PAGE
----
Bad Behavior in Sports: What Can Be Done?
Bad behavior in sports might seem to be running rampant these days. With the two-game suspension given to Baltimore Ravens running back Ray Rice for domestic violence, many believe the sentence should have been stiffer.
Also, considering some of the bad behavior carried out by Russia, are they fit to host the 2018 World Cup? John Affleck, Knight Chair in Sports Journalism at Penn State discussed recent bad behavior in sports.
In regards to backlash over only a two game suspension for Ray Rice’s domestic violence case, Affleck says it’s all about how the NFL approaches punishment.
“Roger Goodell has sort of divided things into sort of two frames of references. One is punishments for things that hurt the game, hurt competitiveness. The NFL is fairly consistent when it comes to things like that. It’s things like drug use,” Affleck explains.
“When we get to criminal matters and matters of crimes against society, the NFL is much less consistent and much less good. I don’t think anyone in Pittsburgh even would say that they would have particularly wanted their son or daughter out with Ben Roethlisberger when he was partying down in Georgia a couple of years ago, whatever went out. The idea that he got four games, initially six, and Rice is on videotape, with his then fiance knocked out cold, is only getting two, seems a little at odds. I think the NFL’s reasoning was that Rice was immediately contrite…so, Roger Goodell felt like he didn’t have so much to work with on that. "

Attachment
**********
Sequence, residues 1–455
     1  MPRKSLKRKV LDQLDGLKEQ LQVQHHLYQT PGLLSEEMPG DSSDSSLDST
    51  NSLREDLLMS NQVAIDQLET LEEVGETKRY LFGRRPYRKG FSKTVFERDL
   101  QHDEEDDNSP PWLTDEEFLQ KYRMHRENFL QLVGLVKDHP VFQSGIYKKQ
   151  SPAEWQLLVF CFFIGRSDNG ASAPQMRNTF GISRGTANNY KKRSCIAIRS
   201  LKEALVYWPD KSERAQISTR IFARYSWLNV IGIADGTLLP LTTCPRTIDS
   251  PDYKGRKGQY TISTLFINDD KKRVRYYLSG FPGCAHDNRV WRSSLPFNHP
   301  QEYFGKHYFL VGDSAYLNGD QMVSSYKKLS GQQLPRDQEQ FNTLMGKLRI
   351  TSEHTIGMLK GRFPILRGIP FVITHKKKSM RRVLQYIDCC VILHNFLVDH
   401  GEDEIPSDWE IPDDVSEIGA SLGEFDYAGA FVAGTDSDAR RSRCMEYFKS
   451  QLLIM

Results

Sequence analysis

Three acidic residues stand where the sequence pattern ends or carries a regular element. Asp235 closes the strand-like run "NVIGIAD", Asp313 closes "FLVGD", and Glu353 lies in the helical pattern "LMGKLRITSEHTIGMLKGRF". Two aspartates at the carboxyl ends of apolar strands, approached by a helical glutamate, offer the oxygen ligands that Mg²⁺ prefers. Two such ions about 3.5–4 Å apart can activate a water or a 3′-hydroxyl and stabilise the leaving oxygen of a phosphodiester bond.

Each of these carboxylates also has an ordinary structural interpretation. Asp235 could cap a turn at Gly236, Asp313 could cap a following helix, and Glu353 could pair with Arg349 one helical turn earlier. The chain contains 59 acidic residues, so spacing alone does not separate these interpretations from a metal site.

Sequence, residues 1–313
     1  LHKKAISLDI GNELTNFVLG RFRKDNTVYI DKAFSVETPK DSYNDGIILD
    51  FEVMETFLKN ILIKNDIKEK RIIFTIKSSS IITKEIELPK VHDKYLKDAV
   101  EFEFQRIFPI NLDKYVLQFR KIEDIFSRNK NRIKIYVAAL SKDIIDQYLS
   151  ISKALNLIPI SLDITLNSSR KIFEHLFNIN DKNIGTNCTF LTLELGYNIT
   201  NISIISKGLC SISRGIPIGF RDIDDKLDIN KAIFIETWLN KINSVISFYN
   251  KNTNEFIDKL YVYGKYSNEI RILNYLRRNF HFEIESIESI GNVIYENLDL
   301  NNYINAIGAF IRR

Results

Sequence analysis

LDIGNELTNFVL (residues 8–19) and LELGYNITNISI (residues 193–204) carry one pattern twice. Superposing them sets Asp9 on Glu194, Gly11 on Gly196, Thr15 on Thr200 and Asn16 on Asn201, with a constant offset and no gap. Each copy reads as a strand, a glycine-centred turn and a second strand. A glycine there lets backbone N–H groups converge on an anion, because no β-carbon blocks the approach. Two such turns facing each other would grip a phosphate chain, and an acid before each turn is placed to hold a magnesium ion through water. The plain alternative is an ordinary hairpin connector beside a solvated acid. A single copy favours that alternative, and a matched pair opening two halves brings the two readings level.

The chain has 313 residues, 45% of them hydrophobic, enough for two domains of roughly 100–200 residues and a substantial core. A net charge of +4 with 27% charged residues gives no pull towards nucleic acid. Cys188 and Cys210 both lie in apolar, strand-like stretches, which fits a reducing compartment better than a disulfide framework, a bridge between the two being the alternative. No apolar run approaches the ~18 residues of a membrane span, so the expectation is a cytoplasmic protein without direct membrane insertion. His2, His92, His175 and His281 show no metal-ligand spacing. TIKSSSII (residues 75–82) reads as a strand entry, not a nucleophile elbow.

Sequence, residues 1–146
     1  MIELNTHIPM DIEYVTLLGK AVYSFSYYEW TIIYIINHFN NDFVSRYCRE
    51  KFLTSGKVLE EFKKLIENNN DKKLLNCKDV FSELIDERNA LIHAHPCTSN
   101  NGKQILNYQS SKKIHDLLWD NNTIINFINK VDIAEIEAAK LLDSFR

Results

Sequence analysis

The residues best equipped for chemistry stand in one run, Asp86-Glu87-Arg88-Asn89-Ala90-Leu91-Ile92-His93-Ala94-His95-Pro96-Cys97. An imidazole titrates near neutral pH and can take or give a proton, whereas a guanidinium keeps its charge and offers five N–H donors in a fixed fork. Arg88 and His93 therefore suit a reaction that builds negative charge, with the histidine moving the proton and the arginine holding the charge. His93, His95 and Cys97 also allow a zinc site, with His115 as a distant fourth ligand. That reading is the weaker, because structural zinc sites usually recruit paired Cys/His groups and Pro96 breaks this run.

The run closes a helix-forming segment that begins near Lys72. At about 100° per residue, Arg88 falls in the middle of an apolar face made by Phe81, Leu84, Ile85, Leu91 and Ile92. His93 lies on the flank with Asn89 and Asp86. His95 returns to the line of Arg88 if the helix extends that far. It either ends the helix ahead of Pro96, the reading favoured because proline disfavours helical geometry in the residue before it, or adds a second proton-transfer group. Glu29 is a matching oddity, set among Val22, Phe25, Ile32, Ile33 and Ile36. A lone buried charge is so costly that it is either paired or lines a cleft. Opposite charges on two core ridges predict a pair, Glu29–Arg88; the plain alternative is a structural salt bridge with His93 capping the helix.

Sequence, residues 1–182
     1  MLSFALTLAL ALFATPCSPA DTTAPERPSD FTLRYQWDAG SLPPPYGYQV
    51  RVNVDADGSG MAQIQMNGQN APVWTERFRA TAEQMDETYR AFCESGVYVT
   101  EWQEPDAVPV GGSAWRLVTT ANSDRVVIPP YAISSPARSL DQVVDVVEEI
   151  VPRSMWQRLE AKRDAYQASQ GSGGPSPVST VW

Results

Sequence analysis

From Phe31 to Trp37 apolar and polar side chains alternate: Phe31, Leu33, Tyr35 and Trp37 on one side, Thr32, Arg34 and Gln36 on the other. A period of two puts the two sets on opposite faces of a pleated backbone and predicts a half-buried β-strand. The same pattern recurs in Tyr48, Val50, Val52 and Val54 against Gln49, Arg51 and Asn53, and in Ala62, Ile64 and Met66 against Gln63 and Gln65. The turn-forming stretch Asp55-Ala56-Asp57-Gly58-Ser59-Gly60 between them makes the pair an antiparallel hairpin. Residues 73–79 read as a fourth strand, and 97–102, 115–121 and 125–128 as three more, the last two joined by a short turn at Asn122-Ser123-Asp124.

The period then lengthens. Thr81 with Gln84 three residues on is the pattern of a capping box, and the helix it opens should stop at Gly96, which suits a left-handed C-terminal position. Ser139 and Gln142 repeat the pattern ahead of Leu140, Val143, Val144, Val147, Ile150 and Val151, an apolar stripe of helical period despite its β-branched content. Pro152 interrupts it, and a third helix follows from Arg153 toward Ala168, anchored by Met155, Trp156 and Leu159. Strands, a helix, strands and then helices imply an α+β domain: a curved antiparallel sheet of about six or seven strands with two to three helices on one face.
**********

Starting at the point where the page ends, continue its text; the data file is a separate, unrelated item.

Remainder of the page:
From an individual behaving badly, to an entire country. Calls have been coming in from German lawmakers to revoke Russia’s rights to host the 2018 FIFA World Cup because of the country’s alleged involvement with the shooting down of a Malaysian airlines plane last week. Affleck thinks these calls will intensify over the next few months, but he also foresees what may very well push the World Cup out of Russia officially.
“What may be the trigger here is the corporate side of this… there are big sports sponsors involved in the FIFA World Cup. We’re talking about Coke, we’re talking about Visa, Budweiser, Hyundai. If you wound up with a situation where the sponsors began to say ‘Hey, we’re getting uncomfortable with Russia running the games here,’ I think that’s the moment when you might see a real trigger.”